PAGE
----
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Navigating the Labyrinth

Krugman and Cheng at Labyrinth Books. (Photo courtesy of Labyrinth Books)

Uwe Reinhardt, Tsung-Mei Cheng, Paul Krugman, and the U.S. Health Care Crisis

By Donald Gilpin

Have you tried recently to obtain health insurance or choose a health care provider? Tried to find out the price for a procedure or surgery? Tried to understand the bill from your doctor or the statement from your insurance company?

More critically, have you been unable to afford a necessary surgery or crucial prescription in this wealthy country, where health care costs so much more and delivers so much less than the health care systems of every other advanced country?

“Confusion, ignorance, and misinformation are rampant out there,” said Princeton University Research Scholar Tsung-Mei Cheng, speaking with Nobel Prize-winning economist Paul Krugman at an April 30 Labyrinth Books event featuring the recently published Priced Out: The Economic and Ethical Costs of American Health Care, written by Cheng’s late husband Uwe E. Reinhardt, renowned health policy expert and Princeton University economics professor.

Emphasizing Reinhardt’s drive to combat the chaos, inefficiency, and, inequity surrounding health care in the U.S., Cheng, one of the world’s top experts on health care systems, argued that the real debate, and all the controversy over the Affordable Care Act (ACA, also known as Obamacare), though “conducted in the jargon of economics and Constitutional federal-state relations,” is not about economics and the Constitution at all.

“The heart of the debate,” for Cheng and for Reinhardt, “is a long-simmering argument over the following question on distributive social ethics: To what extent should the better off members of society be made to be their poorer and sick brothers’ and sisters’ keepers in health care?” she said. “That is the question. Social ethics was a big thing for Uwe.”

Health care could be the key issue in the 2020 election. Voters have consistently indicated that affordable health care is a priority, and health care reform bills continue to be debated in Congress.

The ACA, despite numerous court and legislative challenges, is still in effect, and Medicare and Medicaid continue to be popular. This may possibly be due to the fact that it tends to offer Health insurance plans for every stage of life. Besides, health insurance is also available for most employees through their workplaces.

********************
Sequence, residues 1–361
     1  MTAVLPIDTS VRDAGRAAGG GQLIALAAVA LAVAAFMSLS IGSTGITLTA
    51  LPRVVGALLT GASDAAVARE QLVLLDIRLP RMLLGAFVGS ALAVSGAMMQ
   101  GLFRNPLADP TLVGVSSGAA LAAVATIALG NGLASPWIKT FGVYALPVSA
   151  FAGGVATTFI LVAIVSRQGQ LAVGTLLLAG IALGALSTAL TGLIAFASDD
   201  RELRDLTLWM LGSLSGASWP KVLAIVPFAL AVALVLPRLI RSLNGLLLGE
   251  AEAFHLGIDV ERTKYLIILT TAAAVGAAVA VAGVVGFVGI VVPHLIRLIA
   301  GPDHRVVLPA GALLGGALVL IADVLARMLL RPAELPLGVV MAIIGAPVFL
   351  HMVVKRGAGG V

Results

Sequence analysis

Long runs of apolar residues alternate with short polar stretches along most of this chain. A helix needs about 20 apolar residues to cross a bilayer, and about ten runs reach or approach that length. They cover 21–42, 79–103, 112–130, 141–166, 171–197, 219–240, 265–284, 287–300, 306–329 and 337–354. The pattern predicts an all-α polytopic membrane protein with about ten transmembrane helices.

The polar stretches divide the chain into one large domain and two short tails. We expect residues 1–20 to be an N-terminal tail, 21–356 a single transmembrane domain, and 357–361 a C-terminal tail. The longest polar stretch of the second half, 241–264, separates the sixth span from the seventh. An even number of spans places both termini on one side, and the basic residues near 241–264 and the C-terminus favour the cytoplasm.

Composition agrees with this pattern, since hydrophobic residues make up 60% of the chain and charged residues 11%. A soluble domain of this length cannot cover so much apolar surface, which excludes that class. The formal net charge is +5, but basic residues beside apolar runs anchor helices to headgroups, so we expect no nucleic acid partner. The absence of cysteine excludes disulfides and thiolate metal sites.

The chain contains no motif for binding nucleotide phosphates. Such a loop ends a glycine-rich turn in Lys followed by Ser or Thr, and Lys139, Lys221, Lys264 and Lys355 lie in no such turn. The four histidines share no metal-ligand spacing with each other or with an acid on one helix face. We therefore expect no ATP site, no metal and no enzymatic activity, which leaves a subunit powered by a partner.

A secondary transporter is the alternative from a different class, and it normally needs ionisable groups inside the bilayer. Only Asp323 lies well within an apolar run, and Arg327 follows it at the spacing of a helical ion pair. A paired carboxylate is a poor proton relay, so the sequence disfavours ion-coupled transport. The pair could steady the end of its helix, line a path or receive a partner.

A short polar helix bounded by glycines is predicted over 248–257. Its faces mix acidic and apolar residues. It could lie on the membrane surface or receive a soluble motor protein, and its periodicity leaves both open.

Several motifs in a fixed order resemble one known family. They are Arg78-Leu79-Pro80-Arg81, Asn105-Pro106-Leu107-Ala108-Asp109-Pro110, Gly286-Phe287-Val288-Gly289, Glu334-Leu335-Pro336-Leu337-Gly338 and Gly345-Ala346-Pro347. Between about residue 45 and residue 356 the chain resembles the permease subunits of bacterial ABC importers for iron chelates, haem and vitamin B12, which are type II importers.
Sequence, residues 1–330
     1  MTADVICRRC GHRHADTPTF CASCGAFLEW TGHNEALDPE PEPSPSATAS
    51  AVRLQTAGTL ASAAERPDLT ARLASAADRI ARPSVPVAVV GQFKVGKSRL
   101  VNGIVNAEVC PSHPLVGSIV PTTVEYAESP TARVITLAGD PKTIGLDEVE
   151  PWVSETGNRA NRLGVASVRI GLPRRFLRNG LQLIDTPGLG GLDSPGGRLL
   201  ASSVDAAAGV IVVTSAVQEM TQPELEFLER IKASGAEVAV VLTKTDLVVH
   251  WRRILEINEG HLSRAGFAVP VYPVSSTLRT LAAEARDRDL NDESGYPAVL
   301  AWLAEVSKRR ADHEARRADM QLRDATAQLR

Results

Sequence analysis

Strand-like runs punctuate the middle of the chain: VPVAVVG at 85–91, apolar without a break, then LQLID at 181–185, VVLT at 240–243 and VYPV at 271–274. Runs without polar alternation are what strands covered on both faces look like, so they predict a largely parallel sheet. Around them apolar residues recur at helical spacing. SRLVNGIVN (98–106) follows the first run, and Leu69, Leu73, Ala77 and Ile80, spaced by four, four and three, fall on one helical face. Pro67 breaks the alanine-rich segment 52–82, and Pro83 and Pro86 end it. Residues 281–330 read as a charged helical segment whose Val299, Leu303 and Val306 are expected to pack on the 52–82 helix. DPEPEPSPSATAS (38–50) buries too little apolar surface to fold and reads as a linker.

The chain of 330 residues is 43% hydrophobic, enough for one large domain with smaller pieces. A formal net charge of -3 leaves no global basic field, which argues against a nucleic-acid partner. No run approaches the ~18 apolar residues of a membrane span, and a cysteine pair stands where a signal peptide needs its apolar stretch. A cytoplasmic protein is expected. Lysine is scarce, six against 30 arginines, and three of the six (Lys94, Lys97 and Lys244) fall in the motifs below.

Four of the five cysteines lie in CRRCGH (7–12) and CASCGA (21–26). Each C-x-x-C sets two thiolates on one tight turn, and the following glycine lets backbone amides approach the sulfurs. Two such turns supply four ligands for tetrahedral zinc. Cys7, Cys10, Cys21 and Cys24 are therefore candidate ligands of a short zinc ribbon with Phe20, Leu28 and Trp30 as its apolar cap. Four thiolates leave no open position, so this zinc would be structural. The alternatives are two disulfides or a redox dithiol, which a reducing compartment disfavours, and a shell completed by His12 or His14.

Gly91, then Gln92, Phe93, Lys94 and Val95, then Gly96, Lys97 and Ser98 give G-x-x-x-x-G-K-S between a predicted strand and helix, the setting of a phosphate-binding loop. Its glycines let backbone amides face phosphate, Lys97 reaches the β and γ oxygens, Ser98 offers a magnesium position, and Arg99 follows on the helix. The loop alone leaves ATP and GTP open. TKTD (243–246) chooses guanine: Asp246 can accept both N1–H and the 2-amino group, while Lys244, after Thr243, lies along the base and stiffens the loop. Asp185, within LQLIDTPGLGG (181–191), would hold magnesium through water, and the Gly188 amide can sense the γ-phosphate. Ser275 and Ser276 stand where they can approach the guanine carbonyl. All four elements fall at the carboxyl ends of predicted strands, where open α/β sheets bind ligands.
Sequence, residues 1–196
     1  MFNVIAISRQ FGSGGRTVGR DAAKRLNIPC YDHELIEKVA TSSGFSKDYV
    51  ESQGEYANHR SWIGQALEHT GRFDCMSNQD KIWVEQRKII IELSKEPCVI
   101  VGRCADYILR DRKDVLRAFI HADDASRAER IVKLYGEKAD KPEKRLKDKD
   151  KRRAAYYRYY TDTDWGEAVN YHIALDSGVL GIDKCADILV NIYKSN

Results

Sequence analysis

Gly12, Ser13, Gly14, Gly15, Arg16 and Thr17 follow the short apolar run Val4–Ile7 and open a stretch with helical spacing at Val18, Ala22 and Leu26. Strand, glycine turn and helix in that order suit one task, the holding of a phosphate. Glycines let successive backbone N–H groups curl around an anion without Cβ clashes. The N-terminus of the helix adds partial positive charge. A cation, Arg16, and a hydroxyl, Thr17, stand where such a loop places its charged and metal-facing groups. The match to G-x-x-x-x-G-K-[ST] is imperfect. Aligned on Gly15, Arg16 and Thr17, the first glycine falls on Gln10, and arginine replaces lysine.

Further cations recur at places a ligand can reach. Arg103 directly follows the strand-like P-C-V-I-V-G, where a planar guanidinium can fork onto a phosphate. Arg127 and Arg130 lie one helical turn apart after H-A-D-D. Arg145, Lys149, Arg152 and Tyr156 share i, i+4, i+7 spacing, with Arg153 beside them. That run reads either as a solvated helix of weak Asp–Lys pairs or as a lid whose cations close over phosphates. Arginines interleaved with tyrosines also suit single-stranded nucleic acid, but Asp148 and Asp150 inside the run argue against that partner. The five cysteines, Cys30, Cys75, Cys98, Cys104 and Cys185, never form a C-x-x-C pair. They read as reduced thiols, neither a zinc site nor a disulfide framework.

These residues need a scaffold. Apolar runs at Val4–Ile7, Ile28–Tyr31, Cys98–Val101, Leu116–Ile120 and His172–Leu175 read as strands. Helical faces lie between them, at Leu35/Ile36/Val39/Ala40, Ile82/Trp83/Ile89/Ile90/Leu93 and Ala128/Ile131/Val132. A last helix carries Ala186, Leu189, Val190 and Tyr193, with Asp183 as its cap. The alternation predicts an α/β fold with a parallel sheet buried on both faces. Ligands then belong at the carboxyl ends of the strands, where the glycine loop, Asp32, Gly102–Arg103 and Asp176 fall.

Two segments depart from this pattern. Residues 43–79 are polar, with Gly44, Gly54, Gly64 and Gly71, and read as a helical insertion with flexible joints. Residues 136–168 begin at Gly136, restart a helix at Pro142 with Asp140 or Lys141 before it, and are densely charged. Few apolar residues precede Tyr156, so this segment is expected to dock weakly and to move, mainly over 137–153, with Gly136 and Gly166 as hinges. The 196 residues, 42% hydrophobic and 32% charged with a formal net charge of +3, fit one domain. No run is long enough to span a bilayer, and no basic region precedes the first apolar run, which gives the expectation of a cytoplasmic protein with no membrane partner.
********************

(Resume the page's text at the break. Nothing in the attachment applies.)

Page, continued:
As the 2020 election approaches, Republicans are still calling for the repeal of the ACA, with few indications of how they would replace it. Democratic presidential candidates favor a range of proposals from single-payer (“Medicare for all”), a government-operated program like that of Canada and the United Kingdom. In such countries, it is generally easy to obtain a life insurance policy or health insurance plan favorable to all classes of people in society.

Reinhardt, a “Beloved Teacher”

Reinhardt, who died in November 2017 at age 80 and had taught at Princeton for almost 50 years, wrote a regular column for the New York Times’ Economix blog. He was regarded as one of the most influential health economists and health policy experts in the country, and Princeton University President Christopher L. Eisgruber described him as “one of this University’s most beloved teachers.”

A New York Times obituary referred to him as a “listened-to voice on health care policy” and “a national conscience in policy debates about health care.” He was known for his ability to advise and work with legislators and politicians on both sides of the aisle and for his ability to explain and clarify the most complex health care issues for a broad audience.

All of the remarkable attributes noted above are apparent in Priced Out, which combines scholarly, in-depth analysis with rich insight, delightfully sharp humor, and deep moral seriousness – all in consistently clear, engaging prose.

Cheng, at the Labyrinth forum, which was attended by a standing-room-only crowd of more than 150, described how her late husband’s thinking on health “was driven by his values.”

She described his childhood. “Uwe knew what it meant to be poor. He grew up in post-war Germany, where his family often went hungry.” As a young man, he ran away from Germany to Canada, landing in Montreal with only $90 in his pocket.

“Uwe talked about how he and his family had health insurance in Germany,” she said. “Every German had health care insurance. Without that he might not have survived childhood.”

Cheng went on to read a quote from Reinhardt: “We had health insurance, like everyone else in Germany. I have never forgotten that, and I would like Americans to have what I had and my mother had when I was a kid, so that is why I care.”